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Do your toolbox meetings feel like a drag? Are people just ticking a box? If so, you’re probably seeing a ripple effect throughout your business. “Nah I’ve got to go to toolbox” I hear sighed in the corridor.
What a shame…such a missed opportunity. Effective Toolbox Talks are critical for promoting health and safety within your organisation… and it doesn’t need to be a chore.
What if you presented vibrant meetings? Your team would feel engaged, they would look forward to toolbox and find it valuable, your attendance would increase, and your critical safety messages will be easily understood and retained.
Here are some tips on delivering efficient, effective and engaging Toolbox Talks that will keep your team safe.
1. Use visual prompts such as image and video
It’s about effective communication and that your team actually understand the message. When I need to learn how to do something, I look it up on Youtube and find I understand it much quicker and easier. Safety is no different. Imagery is such a powerful way to get your important safety message across. Prepare for your meeting with images and video to use on the TV or projector. MS PowerPoint slides are great for presenting Toolbox Talks, it provides visual prompts to convey your safety message, you just click the “Next” button.
2. Team Engagement
This is a flow on effect from point 1. I’m sure you’ve all been to boring Toolbox Talks? Someone is up the front reading from a piece of paper in a monotone voice. It’s easy to feel like you’re just ticking a box and get distracted, unfortunately this also means you stop absorbing the critical messages. Your team are more likely to absorb the safety message when they’re in an engaging interactive Toolbox Talk. Using bullet points for discussion, images and videos ensures you’re not simply reading from a script with no expression. Know your content so you can look your team in the eye, this interaction will further promote engagement. It’s hard for your team to stare off into the distance and mentally drift away when they’re being eye balled by someone.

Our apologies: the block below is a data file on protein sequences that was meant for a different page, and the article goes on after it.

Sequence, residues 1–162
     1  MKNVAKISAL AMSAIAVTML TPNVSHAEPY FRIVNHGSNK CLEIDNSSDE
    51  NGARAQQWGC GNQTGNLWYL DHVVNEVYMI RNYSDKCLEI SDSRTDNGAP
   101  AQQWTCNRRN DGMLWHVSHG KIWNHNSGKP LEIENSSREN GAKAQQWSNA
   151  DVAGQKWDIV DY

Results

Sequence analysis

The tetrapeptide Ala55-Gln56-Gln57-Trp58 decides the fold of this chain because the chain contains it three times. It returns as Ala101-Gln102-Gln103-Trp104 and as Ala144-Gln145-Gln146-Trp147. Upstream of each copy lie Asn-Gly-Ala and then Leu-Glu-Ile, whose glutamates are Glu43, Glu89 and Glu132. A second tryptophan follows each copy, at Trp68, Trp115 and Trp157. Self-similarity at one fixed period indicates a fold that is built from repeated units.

3. Promote Interaction
Also, a flow on from the above. When you’re directly engaged with your team their more likely to engage back. Encourage and foster that interaction, if a team member is not sure of something it’s highly likely others are also. Start your Toolbox Talks by saying: “Guys, as always this is a casual meeting to enhance your understanding on key safety issues, if you’re not sure of a topic or have any questions please speak up at any time”. Another positive result of this is that your team don’t feel like they’re being dictated to, they realise the meeting is about their welfare and that of those around them.
4. Allow for different personality types
The simple fact is not everyone has the confidence or personality to speak up and raise issues in a crowd. It is fair enough, but it doesn’t mean they shouldn’t have a voice. You can have an email inbox setup that users can send issues to at any time. Some may wish to remain anonymous, to cater for these resources why not have an “Issues Box”? This allows your team to make positive suggestions or concerns in confidence.
5. Registering attendance
Handwriting your name on an attendance sheet is too manual. If you are accurately recording your toolbox talks that results in someone re-typing those names into a register to determine who attended.
Why not try electronic attendance? Have a spreadsheet with expected attendees on your PC or mobile device and check users off as they walk in. Once you are done “Save As” with the date then file it or send it to head office. It’s a bit more COVID friendly also. If electronic is not possible, you can have a printout of the spreadsheet with attendees, tick them off and go back to the electronic version and manage the exceptions.
Using a digital platform to conduct your toolbox talks and track attendance is the best way to nail all five of these important points. With Lightspace, we’re helping safety-focused businesses transform toolbox talks from pure box-ticking into one of their most valuable business functions.
For example, a large transport organization using Lightspace saw a 32% increase in toolbox attendance over a year. And they no longer hear that grumbling in the corridors – evidence suggests that the talks are now more enjoyable and much more engaging, and the information is really sinking in.
To chat about how you can have better toolbox talks, please send us an email at firstname.lastname@example.org